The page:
in �*91, �*92, 2008. but are you more worried now after the war that putin could suddenly think, hmm, i'd like to have all of georgia? that is a possibility with any territory. a serious possibility. except for the those under the umbrella of nato. this is what putin would never trespass at his own peril. do you think that president putin would really consider going into georgia? in putin's world, georgia, of course, is russian territory. so i don't know whether russia will try to to do it, but i think that russia will. .. that russia will... and by russia, i mean kremlin, will be very happy to do it. the question is whether kremlin will be able to do it because it is struggling in ukraine now. of course, georgia is much smaller than ukraine, but still, russia is is suffering there in ukraine. but it would be very easy, wouldn't it, for the russians to come into georgia? it's got a very small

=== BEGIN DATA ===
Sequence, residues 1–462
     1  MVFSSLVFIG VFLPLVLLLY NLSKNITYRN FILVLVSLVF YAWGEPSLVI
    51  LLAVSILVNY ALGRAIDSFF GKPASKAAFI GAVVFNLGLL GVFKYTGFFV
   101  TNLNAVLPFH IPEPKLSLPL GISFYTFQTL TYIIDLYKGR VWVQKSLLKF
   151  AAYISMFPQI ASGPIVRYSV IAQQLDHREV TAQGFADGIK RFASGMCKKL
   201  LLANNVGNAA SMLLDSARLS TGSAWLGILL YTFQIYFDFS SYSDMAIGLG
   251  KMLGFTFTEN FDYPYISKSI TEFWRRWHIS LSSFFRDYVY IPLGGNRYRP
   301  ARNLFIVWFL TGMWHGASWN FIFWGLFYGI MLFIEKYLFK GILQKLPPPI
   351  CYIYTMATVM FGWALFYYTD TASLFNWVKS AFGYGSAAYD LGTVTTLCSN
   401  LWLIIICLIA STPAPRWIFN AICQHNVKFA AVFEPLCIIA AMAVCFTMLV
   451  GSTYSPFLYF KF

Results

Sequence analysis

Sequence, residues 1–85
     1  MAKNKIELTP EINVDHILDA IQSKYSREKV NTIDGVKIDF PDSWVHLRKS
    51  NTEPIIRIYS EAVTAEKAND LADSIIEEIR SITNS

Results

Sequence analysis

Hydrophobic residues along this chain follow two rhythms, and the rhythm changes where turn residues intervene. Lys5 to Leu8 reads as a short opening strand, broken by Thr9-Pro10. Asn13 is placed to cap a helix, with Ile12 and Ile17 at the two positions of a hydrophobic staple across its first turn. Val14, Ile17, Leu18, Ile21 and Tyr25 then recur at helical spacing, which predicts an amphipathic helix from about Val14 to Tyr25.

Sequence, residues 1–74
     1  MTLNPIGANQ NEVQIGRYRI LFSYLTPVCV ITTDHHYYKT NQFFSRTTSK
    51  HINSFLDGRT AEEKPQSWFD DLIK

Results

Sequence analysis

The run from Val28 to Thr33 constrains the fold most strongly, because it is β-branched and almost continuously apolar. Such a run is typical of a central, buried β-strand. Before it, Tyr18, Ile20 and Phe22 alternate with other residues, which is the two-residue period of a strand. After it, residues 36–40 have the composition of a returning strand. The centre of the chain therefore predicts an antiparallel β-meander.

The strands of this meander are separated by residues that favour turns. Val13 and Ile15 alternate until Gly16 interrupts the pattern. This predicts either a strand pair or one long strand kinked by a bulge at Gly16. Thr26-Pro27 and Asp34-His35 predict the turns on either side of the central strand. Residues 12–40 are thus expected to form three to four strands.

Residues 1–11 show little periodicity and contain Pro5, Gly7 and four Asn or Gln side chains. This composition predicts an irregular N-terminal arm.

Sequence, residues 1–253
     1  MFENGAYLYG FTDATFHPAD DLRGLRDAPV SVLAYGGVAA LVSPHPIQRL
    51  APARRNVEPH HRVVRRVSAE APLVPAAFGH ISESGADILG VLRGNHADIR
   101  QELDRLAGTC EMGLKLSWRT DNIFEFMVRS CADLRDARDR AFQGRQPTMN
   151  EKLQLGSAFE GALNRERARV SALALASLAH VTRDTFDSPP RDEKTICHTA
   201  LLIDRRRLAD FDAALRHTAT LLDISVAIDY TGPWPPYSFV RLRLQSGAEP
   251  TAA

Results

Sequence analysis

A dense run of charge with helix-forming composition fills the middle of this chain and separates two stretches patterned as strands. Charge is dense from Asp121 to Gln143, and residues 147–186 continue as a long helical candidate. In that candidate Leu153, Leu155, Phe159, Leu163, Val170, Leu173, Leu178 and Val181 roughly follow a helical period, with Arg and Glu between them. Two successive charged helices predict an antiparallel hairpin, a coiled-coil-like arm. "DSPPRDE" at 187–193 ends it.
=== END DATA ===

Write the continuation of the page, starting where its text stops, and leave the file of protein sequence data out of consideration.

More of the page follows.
army, about 30—35,000. with all due respect, it will be much more easier here than in ukraine. but russia now is fighting in several wars. so that's why it's it could be different to russia. but answering the question, yes, of course, that's the dream of the kremlin — rebuild the soviet union. dr sonia, do you think president putin would try to recreate the old soviet union? and think, "georgia is going to be an easy take for me"? yeah, i think a lot depends on how the war in ukrainel will progress and whether western support will pick up more. - and only then putin can be stopped. and we will have to see also how long the russian economy - will be able to survive in the wake of the sanctions and what internalj dynamics will develop in russia. but if putin could, then- he would certainly try to recreate
the soviet union. the nato chief, jens stoltenberg, and i quote, says, "as long as the war continues in ukraine, there will be a risk of escalation beyond ukraine." your prime minister saod in may, "i see no immediate threat of russia's war with ukraine spreading to moldova." so you don't share these fears? you have no border with russia. let me say that, of course. russia's plan was pretty clear for the last decade. also, russia's plan was to occupy kyiv in two days and to have to be met with flowers, their tanks and so on. it's about these plans keep failing and this is what we are expecting. we were and the entire country was much more anxious on the 24th of february when the war started. and then as the progress